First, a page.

Frequent Questions - Aquamation (Alkaline Hydrolysis)
Aquamation has many names – Alkaline hydrolysis, resomation, water cremation, dissolution and aquamation. All of them refer to the same process – reducing the human body “ashes” by removing the soft tissue in an alkaline solution.
Because this technology is new to our industry, everyone has been struggling for the past 5-10 years trying to figure out what to call it. One of the first tank manufacturers trademarked the name “Resomation” and it probably would have stuck, but for the fact that they legally locked it down.
Those that wanted to give it some familiarity, called it “water cremation”. Not bad, we suppose, but the real challenge here is that water cremation implies, somehow, that there’s still a flame involved somewhere.
Alkaline hydrolysis is the name of the actual process, but lets face it. There’s nothing sexy to a marketing department in a chemical process as a name. And it doesn’t exactly roll off the tongue or even tell the average person just what is being presented.
Dissolution is the legal term that Oregon has landed on for the process. We really loathe the term, but because it has to be on all of our authorizing documents, we’ve kept it sprinkled around so that it isn’t some kind of weird surprise to see it in writing.
Aquamation, while awkward in it’s own right, seems to us to strike a balance between a familiar word, a new process, and the integration of “water’ into the term itself.
So there ya go. If you think of something better, feel free to let us know. Or the New York Times.
Because aquamation involves heating water under pressure, there is certainly an energy input in the process, but it is significantly lower than that of flame based cremation. The total amount of energy used is only 10% of the energy that is used for flame based cremation.
Since there is no combustion or smoke stack, there are no emissions of mercury, CO2, or particulate matters from the direct process (for carbon geeks, there are no scope 1 emissions in the process). Almost all the energy in the process is just the energy used to heat the water.
After the process, the water is stored in a tank and is given to a grass (sod) farm and arborists as nutrient rich water for their plants. With this step, our aquamation process is closing the cycle of life and bringing richness to plants to continue the life cycle again.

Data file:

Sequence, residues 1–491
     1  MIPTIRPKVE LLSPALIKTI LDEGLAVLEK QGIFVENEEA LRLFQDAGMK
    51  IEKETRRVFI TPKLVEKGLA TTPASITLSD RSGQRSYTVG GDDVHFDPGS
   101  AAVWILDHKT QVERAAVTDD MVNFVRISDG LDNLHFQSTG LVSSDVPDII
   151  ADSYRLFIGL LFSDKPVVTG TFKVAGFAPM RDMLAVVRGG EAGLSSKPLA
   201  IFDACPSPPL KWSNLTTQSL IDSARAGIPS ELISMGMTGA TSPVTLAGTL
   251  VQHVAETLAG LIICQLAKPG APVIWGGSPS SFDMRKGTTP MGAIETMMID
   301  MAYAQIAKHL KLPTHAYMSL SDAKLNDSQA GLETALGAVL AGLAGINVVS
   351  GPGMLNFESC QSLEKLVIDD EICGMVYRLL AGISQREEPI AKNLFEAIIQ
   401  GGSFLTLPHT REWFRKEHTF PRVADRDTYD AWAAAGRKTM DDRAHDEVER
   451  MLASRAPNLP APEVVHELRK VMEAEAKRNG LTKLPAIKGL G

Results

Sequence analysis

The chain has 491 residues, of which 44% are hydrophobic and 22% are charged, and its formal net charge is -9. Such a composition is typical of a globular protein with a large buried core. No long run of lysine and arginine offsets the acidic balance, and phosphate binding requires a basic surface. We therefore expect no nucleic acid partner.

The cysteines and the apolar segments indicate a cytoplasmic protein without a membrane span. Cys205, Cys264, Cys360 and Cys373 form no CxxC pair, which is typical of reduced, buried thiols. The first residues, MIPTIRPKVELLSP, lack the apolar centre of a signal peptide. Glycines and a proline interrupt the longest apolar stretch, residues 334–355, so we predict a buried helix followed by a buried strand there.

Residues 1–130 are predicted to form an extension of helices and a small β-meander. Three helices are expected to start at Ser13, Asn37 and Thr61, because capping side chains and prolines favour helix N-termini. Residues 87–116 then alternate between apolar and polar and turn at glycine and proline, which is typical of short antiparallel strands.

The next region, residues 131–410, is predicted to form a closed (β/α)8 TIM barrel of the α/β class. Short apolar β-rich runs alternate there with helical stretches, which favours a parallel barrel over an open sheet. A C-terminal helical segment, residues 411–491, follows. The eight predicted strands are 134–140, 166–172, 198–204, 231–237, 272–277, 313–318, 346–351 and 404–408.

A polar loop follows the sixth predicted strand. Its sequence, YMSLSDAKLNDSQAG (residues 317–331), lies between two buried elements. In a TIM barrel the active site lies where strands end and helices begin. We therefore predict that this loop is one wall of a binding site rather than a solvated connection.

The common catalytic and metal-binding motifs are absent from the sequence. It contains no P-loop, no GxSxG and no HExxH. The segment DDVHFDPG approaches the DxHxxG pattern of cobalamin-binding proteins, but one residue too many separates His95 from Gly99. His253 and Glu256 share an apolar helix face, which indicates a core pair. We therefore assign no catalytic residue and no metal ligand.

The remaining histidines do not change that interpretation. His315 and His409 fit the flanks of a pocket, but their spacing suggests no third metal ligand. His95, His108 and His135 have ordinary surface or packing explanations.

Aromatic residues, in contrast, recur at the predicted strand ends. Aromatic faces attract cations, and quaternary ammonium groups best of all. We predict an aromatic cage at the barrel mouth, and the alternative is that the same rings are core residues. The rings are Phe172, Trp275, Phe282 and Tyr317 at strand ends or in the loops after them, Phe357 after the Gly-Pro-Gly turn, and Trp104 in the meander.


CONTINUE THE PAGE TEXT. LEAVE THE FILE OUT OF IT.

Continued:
NO! Hearkening back to high school chemistry that none of us listened to, you might recall the pH scale – one end of the scale is acid 0 and on the other end of the scale is alkali 14. Distilled water in the middle is a comfy 7.
The aquamation process is actually the opposite of an acid bath. As the name implies, the solution that the body goes into in the alkaline hydrolysis process, is a base solution – alkali. This pH is because the substance used is sodium hydroxide is a strong alkali substance. It is actually found in many cosmetic products and cleaners because it is the chemical that actually allows soap to lift the dirt and get things clean.
The alkaline hydrolysis (AH) process, also referred to as aquamation, has actually been around over a century in use with animals that have passed. The process is quite simple:
Water is heated to about 300 degrees (f) with a chemical called sodium hydroxide. This solution is a base, or alkaline (see alkaline/acid FAQ), solution that works to speed up the decomposition process. The body is placed into the aquamation chamber that is sealed and the solution is added. Under pressure, the water is heated and the process begins to work on the soft tissues of the body.
When a body is buried in the ground, over time the macromolecules, such as fat, protein, and DNA are broken down into their components as water hydrolyzes the cellular structure and returns the nutrients of the body to the earth.
When a body is aquamated, this same process takes place, but instead of months or even years, it takes a few hours. The active process is about three hours. The liquid that is left over from the process can then be returned to the earth as nutrients for plants.
What remains after this process is the bones. The same thing that remains after regular fire cremation, with two significant improvements – the bones from aquamation are whiter and we are able to return, on average, 20% more remains because the process doesn’t involve fire and a chimney so there’s no particulate loss!
These bones are taken out of the chamber and air-dried. They are extremely brittle, and are processed into a powdery consistency, much like the ashes that you might be familiar with in traditional flame cremation.
One would think that Washington would have been one of the first states to adopt a new technology that is at the forefront of green tech. Unfortunately, we weren’t.
There have been multiple attempts to get legislation through Olympia, but up until recently, we have been a little late to the game. Fortunately, in May of 2019, the legislation passed and we are expecting that our state will have everything ironed out by mid 2020. Oregon on the other hand, has adopted it as a form of disposition (the legal term for the end of the road for a human body – burial, cremation, and medical donation are all “disposition”) years ago, and so it is available for us as their neighbors to come down and do it.